Obama's First Year: Progress, but a Long, Hard Road Remains

How could one best sum up President Barack Obama's performance in his first year as president? A strong start down the long road to economic recovery and national well-being.President Obama entered office under arguably the most difficult conditions since Franklin D. Roosevelt's first term began in 1933. When Obama took the oath of office, he was presented with a financial crisis, an economy in its worst recession in more than 50 years and two wars.

%%DynaPub-Enhancement class="enhancement contentType-HTML Content fragmentId-1 payloadId-61603 alignment-right size-small"%% As an economist colleague noted, the U.S. had so many economic and other problems facing it in January 2009 that one presidential term wouldn't be enough to solve them. Two full-length administrations -- 16 years -- would be needed instead. Under such circumstances, any new Commander in Chief might reasonably lament: Why did I run for this job in the first place?

Making Up for Lost Time

Looked at in the light of the above issues, the Obama administration's year-one personality was that of a man trying to make up for lost time: the eight years of errors and policy failures that created many of the problems that greeted the nation and Obama in January.

And it's a good thing the administration took that stance, because it led to actions that history may ultimately show were the correct decisions, made in the nick of time.

From the outset, Obama successfully reassured the financial markets by expressing his administration's support for the financial stabilization/bank bailout proposed by his predecessor, George W. Bush, and passed by the previous Congress. The $700 billion bank bailout, although flawed and controversial, nevertheless was and is stabilizing the banking sector. Combined with special credit facilities created by the Federal Reserve, the bailout prevented more major financial institutions from following Lehman Brothers, the collapse of which had deepened the financial crisis, into failure.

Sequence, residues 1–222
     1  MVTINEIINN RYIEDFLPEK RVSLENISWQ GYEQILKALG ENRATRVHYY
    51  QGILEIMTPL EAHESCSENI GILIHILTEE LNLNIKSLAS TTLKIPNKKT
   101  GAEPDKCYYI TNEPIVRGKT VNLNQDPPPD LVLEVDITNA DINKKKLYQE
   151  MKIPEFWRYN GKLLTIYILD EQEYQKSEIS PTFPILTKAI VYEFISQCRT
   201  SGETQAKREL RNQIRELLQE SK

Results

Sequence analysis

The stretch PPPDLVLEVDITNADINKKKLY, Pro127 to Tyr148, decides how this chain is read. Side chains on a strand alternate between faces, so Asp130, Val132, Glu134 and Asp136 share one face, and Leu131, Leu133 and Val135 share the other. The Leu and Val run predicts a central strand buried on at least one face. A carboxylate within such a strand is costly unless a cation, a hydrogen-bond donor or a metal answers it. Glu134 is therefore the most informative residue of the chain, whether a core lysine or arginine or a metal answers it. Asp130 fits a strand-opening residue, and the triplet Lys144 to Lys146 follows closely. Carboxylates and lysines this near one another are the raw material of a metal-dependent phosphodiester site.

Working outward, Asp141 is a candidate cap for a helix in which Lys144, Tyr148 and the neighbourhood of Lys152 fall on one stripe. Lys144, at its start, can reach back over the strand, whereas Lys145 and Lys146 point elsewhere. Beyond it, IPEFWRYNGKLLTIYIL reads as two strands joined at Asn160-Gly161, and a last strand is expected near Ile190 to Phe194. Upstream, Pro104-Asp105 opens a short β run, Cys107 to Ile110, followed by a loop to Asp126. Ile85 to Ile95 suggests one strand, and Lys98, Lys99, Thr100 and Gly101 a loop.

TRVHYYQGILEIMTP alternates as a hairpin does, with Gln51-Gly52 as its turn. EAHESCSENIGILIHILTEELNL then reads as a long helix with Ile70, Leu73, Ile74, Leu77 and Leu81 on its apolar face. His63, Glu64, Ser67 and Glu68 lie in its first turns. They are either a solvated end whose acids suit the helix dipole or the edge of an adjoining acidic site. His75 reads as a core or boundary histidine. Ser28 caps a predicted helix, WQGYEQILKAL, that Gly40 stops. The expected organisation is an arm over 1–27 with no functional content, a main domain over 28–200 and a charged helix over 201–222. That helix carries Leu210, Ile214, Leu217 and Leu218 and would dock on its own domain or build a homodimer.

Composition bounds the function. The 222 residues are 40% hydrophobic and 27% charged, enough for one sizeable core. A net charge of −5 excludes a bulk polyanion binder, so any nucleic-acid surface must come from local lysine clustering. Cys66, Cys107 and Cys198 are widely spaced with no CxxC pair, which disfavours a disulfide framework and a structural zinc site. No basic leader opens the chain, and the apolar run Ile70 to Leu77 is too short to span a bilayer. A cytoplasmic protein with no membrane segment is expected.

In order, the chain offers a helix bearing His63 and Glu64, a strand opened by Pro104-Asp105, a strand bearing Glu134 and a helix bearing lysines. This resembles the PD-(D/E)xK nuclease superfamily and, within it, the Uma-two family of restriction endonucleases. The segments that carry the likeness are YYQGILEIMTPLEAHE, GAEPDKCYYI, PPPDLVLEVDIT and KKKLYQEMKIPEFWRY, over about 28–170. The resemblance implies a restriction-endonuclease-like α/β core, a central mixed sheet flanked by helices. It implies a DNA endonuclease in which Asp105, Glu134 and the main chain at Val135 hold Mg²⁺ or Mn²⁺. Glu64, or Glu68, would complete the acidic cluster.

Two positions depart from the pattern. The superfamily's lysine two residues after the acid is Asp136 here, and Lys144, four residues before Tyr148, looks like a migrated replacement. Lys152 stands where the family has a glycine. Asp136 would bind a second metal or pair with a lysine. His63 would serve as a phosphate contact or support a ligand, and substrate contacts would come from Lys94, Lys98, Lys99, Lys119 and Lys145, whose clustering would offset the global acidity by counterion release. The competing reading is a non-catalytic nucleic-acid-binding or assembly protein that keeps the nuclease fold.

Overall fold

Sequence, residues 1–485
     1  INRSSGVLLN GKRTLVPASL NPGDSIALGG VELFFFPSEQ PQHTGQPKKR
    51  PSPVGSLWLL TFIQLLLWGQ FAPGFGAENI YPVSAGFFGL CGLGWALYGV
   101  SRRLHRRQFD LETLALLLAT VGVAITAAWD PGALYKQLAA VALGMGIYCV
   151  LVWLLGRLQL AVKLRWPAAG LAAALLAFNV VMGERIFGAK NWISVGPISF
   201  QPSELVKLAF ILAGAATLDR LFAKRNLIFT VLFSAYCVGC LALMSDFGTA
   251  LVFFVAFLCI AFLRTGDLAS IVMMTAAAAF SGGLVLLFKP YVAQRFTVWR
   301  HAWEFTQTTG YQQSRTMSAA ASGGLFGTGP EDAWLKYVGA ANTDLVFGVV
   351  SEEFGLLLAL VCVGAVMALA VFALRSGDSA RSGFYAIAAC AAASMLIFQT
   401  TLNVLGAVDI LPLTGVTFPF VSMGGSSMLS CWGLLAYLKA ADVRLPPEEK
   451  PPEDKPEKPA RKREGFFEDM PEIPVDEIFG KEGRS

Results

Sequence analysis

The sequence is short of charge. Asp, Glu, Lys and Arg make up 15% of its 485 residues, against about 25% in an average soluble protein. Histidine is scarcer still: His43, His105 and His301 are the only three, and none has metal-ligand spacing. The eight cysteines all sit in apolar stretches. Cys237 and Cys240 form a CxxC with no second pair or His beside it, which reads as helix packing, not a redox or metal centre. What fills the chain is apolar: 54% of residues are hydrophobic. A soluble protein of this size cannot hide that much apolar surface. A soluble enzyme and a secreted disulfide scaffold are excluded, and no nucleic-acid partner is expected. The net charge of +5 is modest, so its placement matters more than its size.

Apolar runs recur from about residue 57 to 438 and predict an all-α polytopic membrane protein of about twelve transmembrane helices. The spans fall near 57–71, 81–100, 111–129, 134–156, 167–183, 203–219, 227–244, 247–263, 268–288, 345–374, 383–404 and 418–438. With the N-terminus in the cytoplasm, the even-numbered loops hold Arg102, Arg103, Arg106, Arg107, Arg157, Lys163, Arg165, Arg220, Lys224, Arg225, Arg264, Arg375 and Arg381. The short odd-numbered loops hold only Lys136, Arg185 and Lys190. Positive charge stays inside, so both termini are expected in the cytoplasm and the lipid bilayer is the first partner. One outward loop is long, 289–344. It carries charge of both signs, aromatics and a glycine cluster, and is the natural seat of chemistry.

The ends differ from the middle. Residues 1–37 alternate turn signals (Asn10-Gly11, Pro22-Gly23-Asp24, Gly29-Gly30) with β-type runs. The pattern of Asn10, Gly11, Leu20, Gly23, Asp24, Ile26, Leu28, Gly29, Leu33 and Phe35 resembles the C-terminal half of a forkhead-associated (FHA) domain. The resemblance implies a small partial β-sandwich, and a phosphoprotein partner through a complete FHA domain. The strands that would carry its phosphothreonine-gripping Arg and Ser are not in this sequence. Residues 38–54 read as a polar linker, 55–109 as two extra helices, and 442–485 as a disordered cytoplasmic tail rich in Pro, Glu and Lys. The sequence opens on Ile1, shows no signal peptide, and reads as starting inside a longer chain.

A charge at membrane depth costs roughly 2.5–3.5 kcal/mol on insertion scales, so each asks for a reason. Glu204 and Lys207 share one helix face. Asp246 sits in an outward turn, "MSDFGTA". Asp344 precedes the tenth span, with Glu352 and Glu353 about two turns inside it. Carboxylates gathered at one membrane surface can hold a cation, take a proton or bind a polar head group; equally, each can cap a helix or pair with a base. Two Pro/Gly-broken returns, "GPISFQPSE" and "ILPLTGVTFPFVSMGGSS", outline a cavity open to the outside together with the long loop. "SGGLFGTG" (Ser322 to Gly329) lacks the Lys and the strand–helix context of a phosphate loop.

Obama's commitment to the bank bailout signaled to Wall Street and international markets that the U.S. would maintain a stable monetary policy -- something that institutional investors demand, and have come to rely on.

A Key Vote for Ben Benanke

Equally significant, Obama let the financial markets know that he and Fed Chairman Ben Bernanke were of similar minds, and that the administration would neither attempt to restructure the Fed nor alter its monetary policy authority. This signaled to the markets that the Fed would remain the Fed, and that Bernanke, a Harvard scholar and expert on the causes of the Great Depression, would have wide latitude to deploy new tools to combat the financial crisis. More than any other action, this vote of confidence in the Fed, and its role in the economy, may have proved pivotal in keeping the nation from falling into the financial abyss.

This doesn't mean Obama's fiscal policy hasn't been important in getting the nation's economy moving again. It has, and in a big way. In February, Obama, supported by his Democratic congressional coalition, passed a $786 billion fiscal stimulus package. Even though the U.S. economy at the end of 2009's third quarter wasn't growing robustly, the trajectory of U.S. GDP had not only changed but it had reversed. An economy that had been experiencing a severe contraction grew modestly in the third quarter at a 2.2% annualized rate.

Further, state government balance sheets were bolstered by federal aid, an act that averted hundreds of thousands of public sector layoffs at the state and local levels. Unemployment insurance was extended -- which served as a modest economic stabilizer and helped put a floor under the economy. And businesses and individuals received more than $275 billion in tax cuts and credits to help stimulate U.S. GDP growth.

More Stimulus Would Have Been Better